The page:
enabling technology” in Windows 2000, Windows XP and
Windows Server 2003, it is also available for Windows ME,
Windows 98 and Windows 95 (OSR 2.5). Out of the box,
Windows 2000, XP and Windows Server 2003 have WMI
1.5 pre-installed. If you need to install WMI on the older
operating systems, there is a free download available via
the MSDN web site – there is a link available in the
Resources section of this article.

WMI Administrative Tools
If this article has captured your attention and you would like
to explore WMI in more detail, the WMI Administrative Tools
will prove invaluable. In the Resources section of this article
I have provided the url of the relevant MSDN web site – all
                                                                          Figure 8 – Win32_OperatingSystem help
the WMI downloads are available from here, including the
Windows ME, 98 and 95 WMI installations.
And finally…                                                        What’s Next?
That is all for part one. Hopefully I have shown you enough         In the next part of this article I will cover the following topics:
to start thinking about WMI as a means of incorporating
                                                                        • Using WMI to retrieving information from a remote
machine management functionality into your applications.
                                                                          computer
In part two, I will show you how we can use WMI in a Delphi
application. I will also demonstrate how WMI can be used                • Using WMI in Delphi
over a network i.e. being able to remotely interrogate                  • The WMI Query Language (WQL)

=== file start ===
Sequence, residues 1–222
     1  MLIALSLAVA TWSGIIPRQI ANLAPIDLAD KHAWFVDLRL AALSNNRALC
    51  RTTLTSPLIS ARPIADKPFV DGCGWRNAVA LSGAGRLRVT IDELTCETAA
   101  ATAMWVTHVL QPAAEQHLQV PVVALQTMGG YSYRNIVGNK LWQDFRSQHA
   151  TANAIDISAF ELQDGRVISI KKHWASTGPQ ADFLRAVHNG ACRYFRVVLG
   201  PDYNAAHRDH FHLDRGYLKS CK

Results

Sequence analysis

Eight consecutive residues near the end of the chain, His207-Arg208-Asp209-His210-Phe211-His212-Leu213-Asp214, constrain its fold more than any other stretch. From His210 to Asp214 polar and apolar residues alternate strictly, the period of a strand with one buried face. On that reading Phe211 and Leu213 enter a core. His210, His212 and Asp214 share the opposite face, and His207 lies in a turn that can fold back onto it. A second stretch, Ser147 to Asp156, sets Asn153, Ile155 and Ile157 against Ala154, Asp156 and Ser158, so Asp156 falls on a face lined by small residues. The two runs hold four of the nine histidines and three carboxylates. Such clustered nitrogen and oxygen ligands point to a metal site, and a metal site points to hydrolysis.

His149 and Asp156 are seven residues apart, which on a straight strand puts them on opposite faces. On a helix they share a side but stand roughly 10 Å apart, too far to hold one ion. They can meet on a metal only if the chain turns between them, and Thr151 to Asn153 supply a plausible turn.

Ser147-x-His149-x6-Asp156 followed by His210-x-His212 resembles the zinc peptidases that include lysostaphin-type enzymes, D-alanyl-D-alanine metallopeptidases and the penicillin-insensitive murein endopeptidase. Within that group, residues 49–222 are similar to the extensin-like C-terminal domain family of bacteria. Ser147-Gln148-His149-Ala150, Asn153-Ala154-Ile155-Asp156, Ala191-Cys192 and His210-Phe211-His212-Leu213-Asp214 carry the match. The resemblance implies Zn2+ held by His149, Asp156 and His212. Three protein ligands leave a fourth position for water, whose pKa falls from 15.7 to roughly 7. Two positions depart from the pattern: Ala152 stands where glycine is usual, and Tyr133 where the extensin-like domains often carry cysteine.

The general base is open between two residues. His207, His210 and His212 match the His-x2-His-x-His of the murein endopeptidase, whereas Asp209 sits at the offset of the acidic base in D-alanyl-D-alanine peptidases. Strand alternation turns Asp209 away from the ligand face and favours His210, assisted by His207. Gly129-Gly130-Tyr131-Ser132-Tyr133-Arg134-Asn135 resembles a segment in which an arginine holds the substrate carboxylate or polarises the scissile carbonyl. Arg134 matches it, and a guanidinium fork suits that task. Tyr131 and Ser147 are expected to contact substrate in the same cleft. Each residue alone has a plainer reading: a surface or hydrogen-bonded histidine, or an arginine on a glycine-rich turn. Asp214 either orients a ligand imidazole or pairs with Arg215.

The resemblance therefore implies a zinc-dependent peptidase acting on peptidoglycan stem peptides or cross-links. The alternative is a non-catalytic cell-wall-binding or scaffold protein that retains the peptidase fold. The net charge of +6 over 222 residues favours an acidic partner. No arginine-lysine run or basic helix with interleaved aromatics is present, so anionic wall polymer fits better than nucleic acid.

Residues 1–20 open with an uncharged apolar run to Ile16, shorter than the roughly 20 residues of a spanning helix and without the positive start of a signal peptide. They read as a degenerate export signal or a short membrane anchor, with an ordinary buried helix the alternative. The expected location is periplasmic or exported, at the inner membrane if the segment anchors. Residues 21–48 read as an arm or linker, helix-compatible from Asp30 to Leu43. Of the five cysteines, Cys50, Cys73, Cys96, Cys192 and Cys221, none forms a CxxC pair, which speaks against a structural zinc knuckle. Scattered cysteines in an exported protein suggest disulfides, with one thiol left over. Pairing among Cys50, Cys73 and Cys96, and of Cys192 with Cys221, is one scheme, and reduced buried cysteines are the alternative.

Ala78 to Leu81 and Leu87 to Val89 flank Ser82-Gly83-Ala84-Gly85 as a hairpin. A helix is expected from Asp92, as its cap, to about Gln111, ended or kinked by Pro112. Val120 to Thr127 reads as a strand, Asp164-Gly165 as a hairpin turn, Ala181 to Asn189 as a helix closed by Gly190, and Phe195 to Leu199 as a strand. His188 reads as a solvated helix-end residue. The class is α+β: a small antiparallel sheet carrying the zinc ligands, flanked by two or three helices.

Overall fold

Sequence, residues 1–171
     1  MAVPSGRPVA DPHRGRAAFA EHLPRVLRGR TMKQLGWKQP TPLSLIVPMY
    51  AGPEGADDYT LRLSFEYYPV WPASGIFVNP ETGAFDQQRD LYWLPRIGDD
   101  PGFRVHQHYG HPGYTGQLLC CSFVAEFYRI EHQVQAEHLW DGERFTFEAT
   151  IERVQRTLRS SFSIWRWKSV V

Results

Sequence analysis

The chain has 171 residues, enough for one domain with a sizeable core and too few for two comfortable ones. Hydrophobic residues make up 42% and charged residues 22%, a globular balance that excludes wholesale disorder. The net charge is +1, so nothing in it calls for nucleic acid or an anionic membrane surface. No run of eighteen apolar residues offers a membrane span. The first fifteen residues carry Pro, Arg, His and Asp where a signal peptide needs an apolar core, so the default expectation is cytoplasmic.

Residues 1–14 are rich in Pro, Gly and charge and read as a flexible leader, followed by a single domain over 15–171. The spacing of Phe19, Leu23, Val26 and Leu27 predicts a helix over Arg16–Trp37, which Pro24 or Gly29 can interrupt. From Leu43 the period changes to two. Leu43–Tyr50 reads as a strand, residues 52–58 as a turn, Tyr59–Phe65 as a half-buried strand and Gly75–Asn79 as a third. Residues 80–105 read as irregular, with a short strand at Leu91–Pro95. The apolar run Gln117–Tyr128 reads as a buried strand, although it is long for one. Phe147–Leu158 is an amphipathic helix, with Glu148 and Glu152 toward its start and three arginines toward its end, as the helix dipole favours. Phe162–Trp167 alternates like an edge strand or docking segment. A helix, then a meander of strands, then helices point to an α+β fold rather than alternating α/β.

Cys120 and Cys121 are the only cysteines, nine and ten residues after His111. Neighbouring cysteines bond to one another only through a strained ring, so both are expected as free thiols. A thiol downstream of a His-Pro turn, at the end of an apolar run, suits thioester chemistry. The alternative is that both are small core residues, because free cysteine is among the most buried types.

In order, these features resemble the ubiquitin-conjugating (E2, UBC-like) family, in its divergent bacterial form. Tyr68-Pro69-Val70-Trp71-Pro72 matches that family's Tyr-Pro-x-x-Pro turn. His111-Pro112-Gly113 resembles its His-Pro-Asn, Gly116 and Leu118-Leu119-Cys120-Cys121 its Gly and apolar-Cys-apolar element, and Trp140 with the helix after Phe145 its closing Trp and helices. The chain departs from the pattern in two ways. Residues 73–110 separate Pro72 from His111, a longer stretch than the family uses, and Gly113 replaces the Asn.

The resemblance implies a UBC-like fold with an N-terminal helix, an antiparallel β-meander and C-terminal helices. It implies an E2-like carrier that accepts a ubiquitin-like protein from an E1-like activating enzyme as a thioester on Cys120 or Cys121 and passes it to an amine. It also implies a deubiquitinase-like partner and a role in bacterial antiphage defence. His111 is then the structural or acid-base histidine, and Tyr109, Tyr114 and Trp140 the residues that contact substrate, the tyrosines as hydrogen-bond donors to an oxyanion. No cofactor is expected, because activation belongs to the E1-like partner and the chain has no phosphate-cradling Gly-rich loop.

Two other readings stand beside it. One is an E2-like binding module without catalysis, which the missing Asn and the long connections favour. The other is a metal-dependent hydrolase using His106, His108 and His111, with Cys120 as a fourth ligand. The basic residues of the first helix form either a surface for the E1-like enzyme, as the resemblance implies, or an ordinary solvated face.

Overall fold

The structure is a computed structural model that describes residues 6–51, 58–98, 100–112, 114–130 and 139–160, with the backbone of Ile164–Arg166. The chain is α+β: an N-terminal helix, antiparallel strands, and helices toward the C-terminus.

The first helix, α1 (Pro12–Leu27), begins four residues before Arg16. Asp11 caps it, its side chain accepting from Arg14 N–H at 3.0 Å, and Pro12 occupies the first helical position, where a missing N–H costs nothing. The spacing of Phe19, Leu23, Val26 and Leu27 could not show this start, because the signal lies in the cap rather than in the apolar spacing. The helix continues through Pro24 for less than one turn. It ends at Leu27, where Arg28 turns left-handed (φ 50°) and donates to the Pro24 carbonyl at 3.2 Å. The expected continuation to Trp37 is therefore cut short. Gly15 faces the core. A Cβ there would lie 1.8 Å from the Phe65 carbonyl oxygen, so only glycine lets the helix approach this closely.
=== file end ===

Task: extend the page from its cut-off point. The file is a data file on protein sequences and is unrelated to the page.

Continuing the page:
another computer.
                                                                    Resources
If you liked some of what you have read here but do not
wish to download the WMI Admin Tools, then try running              MSDN WMI Downloads: http://msdn.microsoft.com/
the WMI Tester – you can do this by typing “wbemtest” in            library/default.asp?url=/downloads/list/wmi.asp
a command prompt window. WBEM stands for Web-Based
Enterprise Management – WMI is Microsoft’s                                            Craig is an author, developer, speaker
implementation of WBEM. WBEM itself is supposed to                                    and Dilbert Evangelist – he specialises
be a vendor-neutral and protocol-independent standard for                             in all things XML, particularly SOAP and
managing computer infrastructure. The WMI Tester is a                                 XSLT. He can be reached via e-mail at:
general-purpose, graphical tool for interacting with the                              Craig@isleofjura.demon.co.uk, or via his
WMI infrastructure: it is not as intuitive as the WMI Admin                           web site: http://www.craigmurphy.com
Tools, but it will give you a good idea of just how vast the                          (where you can also find the source code
WMI infrastructure actually is.                                                       and PowerPoint files for all of Craig’s
                                                                                      UK-BUG articles and presentations).




                                    Tips from the support team
                                    If you’re not sure what format the string representation
                                    of the date is in, you can try:
                                      var
                                        strDate: string;
                                        dDate: TDateTime;
                                      begin
                                         ...
                                         dDate := VarAsType(strDate, varDate);
                                         ...
                                      end;

                                    Be careful to check which way it interprets “03-04-
                                    05”, of course (my machine will interpret that as 3rd
                                    April 2005 but I suspect that’ll not be the same for
                                    anyone); but it will happily have a go at converting a
                                    whole lot of formats, including “2-Mar-03”, “2 March
                                    2003”, “March 2 2003”, etc - and seems happy with
                                    either “-”, “,” or “/” as a date separator (though periods
                                    are rejected).